Economic Booms, Uncertainty, and Growth
Friday, Jan. 5, 2024 8:00 AM - 10:00 AM (CST)
- Chair: Oliver Pfäuti, University of Mannheim
Expecting More Tomorrow
AbstractIn this paper, we analyze how individuals respond to fully certain, expected, and permanent 2X wage increases. Our setting is brought about by the German apprenticeship or vocational training system. An apprentice (Azubi) is a student/worker in training at a company for two to four years. Around two thirds of all apprentices are eventually taken over by the company and start as full-time employees. That results in approximately 2X permanent wage increases, which are fully expected as any terminations have to be notified at least one quarter in advance by German regulation. In standard economic models, any apprentice would increase their spending ahead of the wage increase and also consider taking on short-term unsecured debt. By German regulations, apprentices can overdraw their checking accounts by at least twice their monthly incomes.
We use transaction-level bank account data to analyze what fraction and by how much apprentices actually increase their spending and borrowing ahead of the wage increase. We find that the majority of apprentices wait until the actual wage increase before increasing their spending by any measurable amount.
Geopolitical Risk and International Banking
AbstractThis paper shows that internationally-active banks play a significant role in propagating foreign geopolitical risk to the domestic economy. Using multiple supervisory data on cross-border and domestic lending by U.S. banks over the past four decades, we document that banks reduce cross-border lending to countries of increasing geopolitical risk but not the local lending of their global operations in those countries because of divestiture frictions. In turn, the banks with high geopolitical risk exposure tighten domestic lending standards and reduce lending to U.S. firms. In addition to the long-run analysis, we show that, in the specific instance of the Russia-Ukraine war, banks with high geopolitical risk exposure through their operations in Russia and Ukraine especially reduce lending to U.S. firms in industries in which these countries specialize.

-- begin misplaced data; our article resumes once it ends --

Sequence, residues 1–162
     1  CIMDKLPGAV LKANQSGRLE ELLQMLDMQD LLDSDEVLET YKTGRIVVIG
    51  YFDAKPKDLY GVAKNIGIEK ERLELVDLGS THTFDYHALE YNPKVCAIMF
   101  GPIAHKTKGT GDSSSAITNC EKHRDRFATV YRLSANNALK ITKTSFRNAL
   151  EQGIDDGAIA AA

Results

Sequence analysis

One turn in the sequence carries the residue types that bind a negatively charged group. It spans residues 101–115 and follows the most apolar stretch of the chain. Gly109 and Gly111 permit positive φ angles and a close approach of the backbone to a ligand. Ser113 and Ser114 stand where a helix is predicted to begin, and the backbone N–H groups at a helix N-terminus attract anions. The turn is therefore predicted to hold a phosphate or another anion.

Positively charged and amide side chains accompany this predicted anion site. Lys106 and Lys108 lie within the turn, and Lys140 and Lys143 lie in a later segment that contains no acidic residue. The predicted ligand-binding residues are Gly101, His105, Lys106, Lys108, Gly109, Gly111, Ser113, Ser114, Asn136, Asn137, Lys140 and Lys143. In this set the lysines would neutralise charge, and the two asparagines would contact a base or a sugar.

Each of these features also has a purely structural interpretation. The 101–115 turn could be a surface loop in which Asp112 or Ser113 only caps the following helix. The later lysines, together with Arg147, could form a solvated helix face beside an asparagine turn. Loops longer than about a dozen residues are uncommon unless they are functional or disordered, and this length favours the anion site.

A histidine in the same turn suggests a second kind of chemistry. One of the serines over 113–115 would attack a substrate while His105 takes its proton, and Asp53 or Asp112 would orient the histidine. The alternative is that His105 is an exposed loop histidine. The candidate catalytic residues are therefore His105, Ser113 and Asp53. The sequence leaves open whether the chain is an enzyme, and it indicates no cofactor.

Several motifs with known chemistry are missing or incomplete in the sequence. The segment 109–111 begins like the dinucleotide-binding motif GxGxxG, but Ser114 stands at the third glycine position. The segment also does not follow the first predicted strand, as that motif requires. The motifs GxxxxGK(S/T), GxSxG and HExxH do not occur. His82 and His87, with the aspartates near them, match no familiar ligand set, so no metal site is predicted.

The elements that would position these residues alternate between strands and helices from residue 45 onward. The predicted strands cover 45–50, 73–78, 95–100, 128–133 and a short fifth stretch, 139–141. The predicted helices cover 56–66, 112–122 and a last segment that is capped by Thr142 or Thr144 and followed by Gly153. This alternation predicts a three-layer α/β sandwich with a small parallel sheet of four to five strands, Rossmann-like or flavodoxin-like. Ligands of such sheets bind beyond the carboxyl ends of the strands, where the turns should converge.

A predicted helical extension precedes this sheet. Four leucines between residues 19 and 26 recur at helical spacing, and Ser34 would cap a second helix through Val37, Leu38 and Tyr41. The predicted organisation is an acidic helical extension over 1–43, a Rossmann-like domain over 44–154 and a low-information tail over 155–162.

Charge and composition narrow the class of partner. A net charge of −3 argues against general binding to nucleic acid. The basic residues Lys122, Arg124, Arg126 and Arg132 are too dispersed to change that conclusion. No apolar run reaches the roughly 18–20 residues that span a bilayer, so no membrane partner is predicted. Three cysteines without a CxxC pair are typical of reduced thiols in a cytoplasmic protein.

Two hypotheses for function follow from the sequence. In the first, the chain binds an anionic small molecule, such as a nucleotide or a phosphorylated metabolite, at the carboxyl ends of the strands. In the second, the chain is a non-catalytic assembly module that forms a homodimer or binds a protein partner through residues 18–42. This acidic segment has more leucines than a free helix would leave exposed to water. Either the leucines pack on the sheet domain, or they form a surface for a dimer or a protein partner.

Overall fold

Sentiment, Productivity, and Economic Growth
AbstractPrevious research finds correlation between sentiment and future economic growth, but disagrees on the channel that explains this result. In this paper, we shed new light on this issue by exploiting cross-country variation in sentiment and market efficiency. We find that sentiment shocks in G7 countries increase economic activity, but only temporarily and without affecting productivity. By contrast, sentiment shocks in non-G7 countries predict prolonged economic growth and a corresponding increase in productivity. The results suggest that sentiment can indeed create economic booms, but only in less advanced economies where noisy asset prices make sentiment and fundamentals harder to disentangle.
Time Use and Macroeconomic Uncertainty
AbstractWe estimate the effects of uncertainty on time use and discuss its macroeconomic implications. Using data from the American Time Use Survey, we first infer cyclical variation in home production and leisure time. We then document that higher uncertainty increases housework and reduces market hours worked, with modest effects on leisure. Finally, we propose a model of housework with time-varying uncertainty that quantitatively accounts for these results. We use the model to demonstrate that substitution between market and nonmarket work provides an additional insurance margin to households, weakening precautionary savings and labor sup- ply. However, time-use reallocation also lowers aggregate demand, ultimately amplifying the contractionary effects of uncertainty. Policies that reallocate time use towards housework (e.g., lockdown policies) amplify the recessionary effects of uncertainty and can result in aggregate dynamics consistent with a supply-side shock.
- E5 - Monetary Policy, Central Banking, and the Supply of Money and Credit